Self-Delusions of the Defeated

This is my review of The Sense of an Ending by Julian Barnes.

You may ask how 150 pages can justify the Man Booker Prize. This may be on the basis of "less is more", and the author's ability to condense so much insight and provoking thought into a novella. The award may have been for the concise skill of his prose compared to the other less experienced writers on the long-list.

Retired and in his sixties, Tony Webster has played safe, telling himself he was being mature when in fact he was just careful, and missing out on life in the process. The first part of the book recalls his friendship with the precociously brilliant schoolmate Adrian, and his attraction to the enigmatic Veronica. I like the portrayal of the more innocent and sexually uptight world of the 1960s which were in some ways less "Swinging" than people may now imagine. The "too-clever-by-half banter of Tony's public school sixth form is a little pretentious, but may be realistic.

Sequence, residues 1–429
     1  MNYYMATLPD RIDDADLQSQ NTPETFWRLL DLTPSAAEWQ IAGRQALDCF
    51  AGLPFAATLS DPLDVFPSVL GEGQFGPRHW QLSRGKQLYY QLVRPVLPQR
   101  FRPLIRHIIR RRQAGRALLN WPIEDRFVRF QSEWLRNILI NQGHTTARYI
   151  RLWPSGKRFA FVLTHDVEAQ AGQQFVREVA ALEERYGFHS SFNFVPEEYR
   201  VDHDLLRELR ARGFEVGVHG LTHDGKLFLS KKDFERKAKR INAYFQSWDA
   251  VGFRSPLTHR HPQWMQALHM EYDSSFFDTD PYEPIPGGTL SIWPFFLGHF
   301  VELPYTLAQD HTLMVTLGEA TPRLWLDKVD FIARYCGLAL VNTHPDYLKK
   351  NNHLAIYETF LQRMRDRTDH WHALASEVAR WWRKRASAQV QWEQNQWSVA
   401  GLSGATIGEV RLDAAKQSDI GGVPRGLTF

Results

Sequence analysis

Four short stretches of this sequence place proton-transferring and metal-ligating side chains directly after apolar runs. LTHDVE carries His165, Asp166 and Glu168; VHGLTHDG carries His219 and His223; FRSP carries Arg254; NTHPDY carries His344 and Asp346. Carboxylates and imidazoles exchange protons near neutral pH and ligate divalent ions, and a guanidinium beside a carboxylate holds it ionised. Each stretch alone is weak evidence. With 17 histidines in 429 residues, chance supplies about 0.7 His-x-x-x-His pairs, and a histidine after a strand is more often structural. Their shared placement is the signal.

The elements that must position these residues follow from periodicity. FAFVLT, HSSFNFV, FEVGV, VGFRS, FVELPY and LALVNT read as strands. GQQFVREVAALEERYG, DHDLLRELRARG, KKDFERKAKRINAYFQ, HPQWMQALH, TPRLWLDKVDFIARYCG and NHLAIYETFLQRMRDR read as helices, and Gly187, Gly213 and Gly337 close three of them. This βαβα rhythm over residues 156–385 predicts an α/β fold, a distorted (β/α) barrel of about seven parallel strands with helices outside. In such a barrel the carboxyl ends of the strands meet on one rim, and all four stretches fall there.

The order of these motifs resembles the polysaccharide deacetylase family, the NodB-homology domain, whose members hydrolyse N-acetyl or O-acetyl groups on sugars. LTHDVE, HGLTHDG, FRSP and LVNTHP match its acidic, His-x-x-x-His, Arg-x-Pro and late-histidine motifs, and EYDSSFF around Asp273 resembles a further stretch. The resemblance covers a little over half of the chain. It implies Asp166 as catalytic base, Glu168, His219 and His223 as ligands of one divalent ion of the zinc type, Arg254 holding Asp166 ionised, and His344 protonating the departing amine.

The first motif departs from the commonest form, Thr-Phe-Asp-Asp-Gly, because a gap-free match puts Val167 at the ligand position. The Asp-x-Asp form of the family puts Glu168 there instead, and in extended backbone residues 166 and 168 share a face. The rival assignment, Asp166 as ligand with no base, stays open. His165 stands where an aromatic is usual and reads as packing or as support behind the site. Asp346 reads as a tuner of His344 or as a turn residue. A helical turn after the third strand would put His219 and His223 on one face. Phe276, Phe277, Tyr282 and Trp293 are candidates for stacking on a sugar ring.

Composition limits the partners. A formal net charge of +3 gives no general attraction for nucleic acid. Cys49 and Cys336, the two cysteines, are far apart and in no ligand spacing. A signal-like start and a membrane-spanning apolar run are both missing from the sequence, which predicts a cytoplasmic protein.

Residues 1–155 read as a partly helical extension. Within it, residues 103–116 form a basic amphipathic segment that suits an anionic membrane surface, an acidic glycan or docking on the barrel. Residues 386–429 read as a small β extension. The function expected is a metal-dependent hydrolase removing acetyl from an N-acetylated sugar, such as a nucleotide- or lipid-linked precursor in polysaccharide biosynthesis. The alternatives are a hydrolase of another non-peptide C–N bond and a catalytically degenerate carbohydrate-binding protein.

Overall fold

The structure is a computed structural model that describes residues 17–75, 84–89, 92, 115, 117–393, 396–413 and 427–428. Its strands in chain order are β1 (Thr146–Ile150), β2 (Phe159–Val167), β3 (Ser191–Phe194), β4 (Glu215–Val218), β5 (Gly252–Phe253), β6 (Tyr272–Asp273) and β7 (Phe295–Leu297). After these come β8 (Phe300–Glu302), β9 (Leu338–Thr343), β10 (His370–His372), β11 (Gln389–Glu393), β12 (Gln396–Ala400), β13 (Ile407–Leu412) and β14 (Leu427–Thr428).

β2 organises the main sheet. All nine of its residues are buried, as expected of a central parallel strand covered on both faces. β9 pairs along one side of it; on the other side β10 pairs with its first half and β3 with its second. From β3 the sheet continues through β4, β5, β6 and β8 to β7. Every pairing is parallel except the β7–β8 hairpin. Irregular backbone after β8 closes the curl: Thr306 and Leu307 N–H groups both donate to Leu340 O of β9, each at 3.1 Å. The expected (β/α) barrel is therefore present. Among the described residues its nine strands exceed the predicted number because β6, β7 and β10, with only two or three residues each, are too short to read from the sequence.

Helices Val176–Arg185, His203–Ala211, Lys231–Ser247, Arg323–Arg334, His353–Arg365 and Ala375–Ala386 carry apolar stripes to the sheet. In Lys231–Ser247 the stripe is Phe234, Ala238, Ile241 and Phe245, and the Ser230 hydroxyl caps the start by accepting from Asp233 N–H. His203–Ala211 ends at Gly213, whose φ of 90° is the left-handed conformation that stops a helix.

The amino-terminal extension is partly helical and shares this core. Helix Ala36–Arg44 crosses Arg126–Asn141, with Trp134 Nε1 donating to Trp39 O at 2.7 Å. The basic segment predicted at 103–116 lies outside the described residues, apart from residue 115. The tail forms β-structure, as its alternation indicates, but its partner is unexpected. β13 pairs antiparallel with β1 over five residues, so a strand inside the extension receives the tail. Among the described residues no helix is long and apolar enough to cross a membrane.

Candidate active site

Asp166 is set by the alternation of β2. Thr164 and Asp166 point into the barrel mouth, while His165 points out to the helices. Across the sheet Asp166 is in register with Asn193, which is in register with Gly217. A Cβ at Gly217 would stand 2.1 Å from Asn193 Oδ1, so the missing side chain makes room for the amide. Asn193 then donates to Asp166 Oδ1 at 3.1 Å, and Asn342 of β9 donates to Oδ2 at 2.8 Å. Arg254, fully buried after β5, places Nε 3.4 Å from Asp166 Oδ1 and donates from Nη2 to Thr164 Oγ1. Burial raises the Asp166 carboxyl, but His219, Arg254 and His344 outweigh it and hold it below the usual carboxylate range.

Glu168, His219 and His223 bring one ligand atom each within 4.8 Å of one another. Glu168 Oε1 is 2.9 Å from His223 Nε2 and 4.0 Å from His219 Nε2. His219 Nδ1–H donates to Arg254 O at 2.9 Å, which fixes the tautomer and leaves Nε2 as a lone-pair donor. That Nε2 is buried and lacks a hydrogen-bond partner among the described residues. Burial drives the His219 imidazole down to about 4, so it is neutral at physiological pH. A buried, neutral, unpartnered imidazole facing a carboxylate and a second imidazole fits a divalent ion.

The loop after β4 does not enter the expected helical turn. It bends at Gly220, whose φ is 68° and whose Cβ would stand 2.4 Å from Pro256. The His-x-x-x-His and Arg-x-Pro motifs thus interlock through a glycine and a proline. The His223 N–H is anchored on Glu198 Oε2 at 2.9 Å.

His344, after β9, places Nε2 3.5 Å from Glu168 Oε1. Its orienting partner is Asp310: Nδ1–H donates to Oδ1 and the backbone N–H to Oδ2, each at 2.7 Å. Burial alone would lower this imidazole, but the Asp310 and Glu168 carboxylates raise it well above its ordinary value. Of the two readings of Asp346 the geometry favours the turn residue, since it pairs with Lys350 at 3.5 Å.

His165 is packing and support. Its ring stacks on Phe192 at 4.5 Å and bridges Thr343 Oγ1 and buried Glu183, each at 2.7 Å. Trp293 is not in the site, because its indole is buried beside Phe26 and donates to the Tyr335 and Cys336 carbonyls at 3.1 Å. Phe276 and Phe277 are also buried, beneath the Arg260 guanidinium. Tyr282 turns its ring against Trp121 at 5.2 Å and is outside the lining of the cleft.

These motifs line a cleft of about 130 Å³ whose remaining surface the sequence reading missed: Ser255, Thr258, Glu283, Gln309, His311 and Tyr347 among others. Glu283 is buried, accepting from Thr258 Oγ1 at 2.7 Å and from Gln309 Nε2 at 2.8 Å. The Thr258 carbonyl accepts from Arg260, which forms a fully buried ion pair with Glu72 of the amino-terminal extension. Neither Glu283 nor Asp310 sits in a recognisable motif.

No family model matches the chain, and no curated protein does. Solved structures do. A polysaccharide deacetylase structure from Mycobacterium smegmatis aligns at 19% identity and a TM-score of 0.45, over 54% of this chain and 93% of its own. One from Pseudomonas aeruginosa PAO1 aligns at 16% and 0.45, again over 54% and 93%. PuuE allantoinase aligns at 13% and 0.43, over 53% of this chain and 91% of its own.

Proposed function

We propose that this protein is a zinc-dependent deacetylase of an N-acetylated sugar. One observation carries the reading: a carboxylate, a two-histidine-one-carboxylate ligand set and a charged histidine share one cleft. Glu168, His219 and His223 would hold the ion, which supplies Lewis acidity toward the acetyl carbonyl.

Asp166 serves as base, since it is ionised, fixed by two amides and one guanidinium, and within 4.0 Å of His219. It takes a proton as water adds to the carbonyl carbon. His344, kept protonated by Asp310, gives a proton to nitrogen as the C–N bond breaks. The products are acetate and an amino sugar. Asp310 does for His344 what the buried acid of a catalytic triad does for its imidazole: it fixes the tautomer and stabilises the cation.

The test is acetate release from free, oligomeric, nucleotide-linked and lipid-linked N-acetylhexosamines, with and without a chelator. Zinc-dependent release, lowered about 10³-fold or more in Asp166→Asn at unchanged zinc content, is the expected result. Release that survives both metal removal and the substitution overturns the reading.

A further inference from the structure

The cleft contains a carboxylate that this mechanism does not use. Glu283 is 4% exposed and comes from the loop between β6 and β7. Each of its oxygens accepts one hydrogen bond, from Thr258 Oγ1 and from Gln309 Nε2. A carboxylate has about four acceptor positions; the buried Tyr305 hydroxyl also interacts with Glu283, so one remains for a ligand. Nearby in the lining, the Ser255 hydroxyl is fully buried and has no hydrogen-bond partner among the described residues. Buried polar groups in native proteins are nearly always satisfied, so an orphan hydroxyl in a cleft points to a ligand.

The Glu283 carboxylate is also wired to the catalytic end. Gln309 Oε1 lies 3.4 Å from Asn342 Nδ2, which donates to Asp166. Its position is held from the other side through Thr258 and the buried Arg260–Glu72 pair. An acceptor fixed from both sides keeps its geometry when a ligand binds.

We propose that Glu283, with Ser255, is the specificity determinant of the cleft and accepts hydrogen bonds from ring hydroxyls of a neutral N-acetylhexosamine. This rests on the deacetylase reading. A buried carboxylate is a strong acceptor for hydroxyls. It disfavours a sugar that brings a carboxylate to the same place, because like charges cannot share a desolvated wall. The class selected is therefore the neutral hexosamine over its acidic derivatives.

The second part becomes more of a psychological thriller in which Tony tries to explore and come to terms with the repercussions of his triangular relationship with Adrian and Veronica. Barnes arouses a strong sense of tension and expectation but, although I did not manage to guess the denouement, the double twist at the end was something of a letdown. I was too unmoved by the characters to care about them enough.

For me, this book is about how time may distort memories, how in both history and private life, people may delude themselves to make life more bearable. It is also about how, as we approach the end of life, we tend to assess how we have lived – to this extent perhaps it will mean most to older people who have known irrevocable disappointment.

You need to read this book twice to grasp the care with which it is constructed and the full significance of many sentences, but I found the denouement did not satisfy me enough to want to do this. There is a rich field of debate as to what really happened to Adrian and Veronica and why, together with an assessment of the degree of Tony's guilt. I agree with those who argue that Tony's actions are never bad enough for him to bear a heavy blame, but perhaps it is one of the main points that quite trivial events may have disproportionately serious effects.

It could make a good A Level text, both as regards how the facts are revealed, and what they mean.

I would say this deserves praise for quality of prose and ideas, but loses its edge through a needlessly rather weak plotline.

Comment Comment | Permalink

⭐⭐⭐⭐ 4 Stars

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